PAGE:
|a children's mummer's parade, as on the Fourth of July, with prizes for the best costumes.|
|a chattering or flighty, light-headed person.|
|1.||a curved structure, normally in the vertical plane, that spans an opening|
|2.||Also called: archway a structure in the form of an arch that serves as a gateway|
|3.||something curved like an arch|
|4.||a. any of various parts or structures of the body having a curved or archlike outline, such as the transverse portion of the aorta (arch of the aorta) or the raised bony vault formed by the tarsal and metatarsal bones (arch of the foot)|
|b. loop Compare whorl one of the basic patterns of the human fingerprint, formed by several curved ridges one above the other|
|5.||(tr) to span (an opening) with an arch|
|6.||to form or cause to form an arch or a curve resembling that of an arch: the cat arched its back|
|7.||(tr) to span or extend over: the bridge arched the flooded stream|
|[C14: from Old French arche, from Vulgar Latin arca (unattested), from Latin arcus bow, |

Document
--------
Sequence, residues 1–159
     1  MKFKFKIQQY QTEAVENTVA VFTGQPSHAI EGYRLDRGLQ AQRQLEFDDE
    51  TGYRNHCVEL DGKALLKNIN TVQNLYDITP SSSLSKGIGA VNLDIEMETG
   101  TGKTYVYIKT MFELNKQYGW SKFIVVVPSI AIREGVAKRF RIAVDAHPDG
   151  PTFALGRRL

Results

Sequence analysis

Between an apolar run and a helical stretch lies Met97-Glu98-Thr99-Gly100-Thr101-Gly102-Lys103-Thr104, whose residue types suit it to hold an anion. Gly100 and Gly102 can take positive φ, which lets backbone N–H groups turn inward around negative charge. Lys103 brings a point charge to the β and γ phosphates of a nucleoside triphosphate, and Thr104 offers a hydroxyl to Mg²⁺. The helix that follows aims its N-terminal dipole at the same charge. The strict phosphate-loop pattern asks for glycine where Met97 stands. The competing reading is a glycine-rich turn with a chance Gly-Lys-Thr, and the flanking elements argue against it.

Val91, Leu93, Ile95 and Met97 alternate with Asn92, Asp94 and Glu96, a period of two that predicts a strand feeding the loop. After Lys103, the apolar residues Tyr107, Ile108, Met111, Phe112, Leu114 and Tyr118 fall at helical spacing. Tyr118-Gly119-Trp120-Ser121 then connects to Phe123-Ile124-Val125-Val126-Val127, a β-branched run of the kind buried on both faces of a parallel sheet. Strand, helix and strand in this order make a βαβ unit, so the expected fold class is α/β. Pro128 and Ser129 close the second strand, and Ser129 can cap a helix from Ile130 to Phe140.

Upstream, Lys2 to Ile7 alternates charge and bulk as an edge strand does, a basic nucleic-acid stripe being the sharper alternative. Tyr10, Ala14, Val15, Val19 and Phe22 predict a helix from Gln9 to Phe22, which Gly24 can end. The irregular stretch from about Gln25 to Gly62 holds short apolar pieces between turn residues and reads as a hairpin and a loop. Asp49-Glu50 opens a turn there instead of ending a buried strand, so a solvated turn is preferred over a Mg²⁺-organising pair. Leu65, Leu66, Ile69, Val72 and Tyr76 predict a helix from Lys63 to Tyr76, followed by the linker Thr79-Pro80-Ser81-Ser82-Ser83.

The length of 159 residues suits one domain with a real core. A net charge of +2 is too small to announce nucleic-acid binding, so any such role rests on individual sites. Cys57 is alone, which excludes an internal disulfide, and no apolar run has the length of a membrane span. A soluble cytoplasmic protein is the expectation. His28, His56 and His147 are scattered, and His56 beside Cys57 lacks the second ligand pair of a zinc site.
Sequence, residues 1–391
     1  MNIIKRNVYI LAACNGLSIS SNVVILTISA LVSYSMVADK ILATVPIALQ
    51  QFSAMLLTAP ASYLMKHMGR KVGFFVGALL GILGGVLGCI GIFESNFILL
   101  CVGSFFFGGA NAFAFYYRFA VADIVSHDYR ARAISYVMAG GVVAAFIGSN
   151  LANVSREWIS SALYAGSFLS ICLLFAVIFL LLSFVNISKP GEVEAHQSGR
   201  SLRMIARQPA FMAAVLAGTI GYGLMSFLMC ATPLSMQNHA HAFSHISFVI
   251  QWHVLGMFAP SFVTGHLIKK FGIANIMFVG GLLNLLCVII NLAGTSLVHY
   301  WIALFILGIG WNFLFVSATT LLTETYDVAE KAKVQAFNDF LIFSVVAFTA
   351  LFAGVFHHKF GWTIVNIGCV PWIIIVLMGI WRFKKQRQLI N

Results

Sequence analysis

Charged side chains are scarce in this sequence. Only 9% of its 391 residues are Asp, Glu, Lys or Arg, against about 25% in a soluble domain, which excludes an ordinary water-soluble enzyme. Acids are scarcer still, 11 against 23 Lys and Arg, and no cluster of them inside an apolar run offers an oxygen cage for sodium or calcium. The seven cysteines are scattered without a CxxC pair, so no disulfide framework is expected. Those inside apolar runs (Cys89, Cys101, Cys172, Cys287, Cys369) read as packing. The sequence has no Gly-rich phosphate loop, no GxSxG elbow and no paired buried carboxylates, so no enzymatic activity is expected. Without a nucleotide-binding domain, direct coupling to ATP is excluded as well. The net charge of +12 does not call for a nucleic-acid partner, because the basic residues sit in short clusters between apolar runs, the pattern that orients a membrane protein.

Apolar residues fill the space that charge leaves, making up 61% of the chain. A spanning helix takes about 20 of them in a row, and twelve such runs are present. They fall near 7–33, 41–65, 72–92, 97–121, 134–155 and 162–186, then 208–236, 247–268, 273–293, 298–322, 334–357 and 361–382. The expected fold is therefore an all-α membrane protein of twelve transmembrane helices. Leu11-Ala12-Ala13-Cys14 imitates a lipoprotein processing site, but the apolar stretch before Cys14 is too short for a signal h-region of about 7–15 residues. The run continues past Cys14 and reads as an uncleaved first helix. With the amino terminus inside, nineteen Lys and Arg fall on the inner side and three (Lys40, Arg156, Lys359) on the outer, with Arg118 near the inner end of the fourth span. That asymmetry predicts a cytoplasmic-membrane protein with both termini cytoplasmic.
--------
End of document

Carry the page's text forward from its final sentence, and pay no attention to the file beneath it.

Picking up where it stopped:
An organ or structure having a curved or bowlike appearance, especially either of two arched sections of the bony structure of the foot.
In architecture, a curved or pointed opening that spans a doorway, window, or other space.
Note: The form of arch used in building often serves to distinguish styles of architecture from one another. For example, Romanesque architecture usually employs a round arch, and Gothic architecture, a pointed arch.
an architectural term found only in Ezek. 40:16, 21, 22, 26, 29. There is no absolute proof that the Israelites employed arches in their buildings. The arch was employed in the building of the pyramids of Egypt. The oldest existing arch is at Thebes, and bears the date B.C. 1350. There are also still found the remains of an arch, known as Robinson's Arch, of the bridge connecting Zion and Moriah. (See TYROPOEON VALLEY.)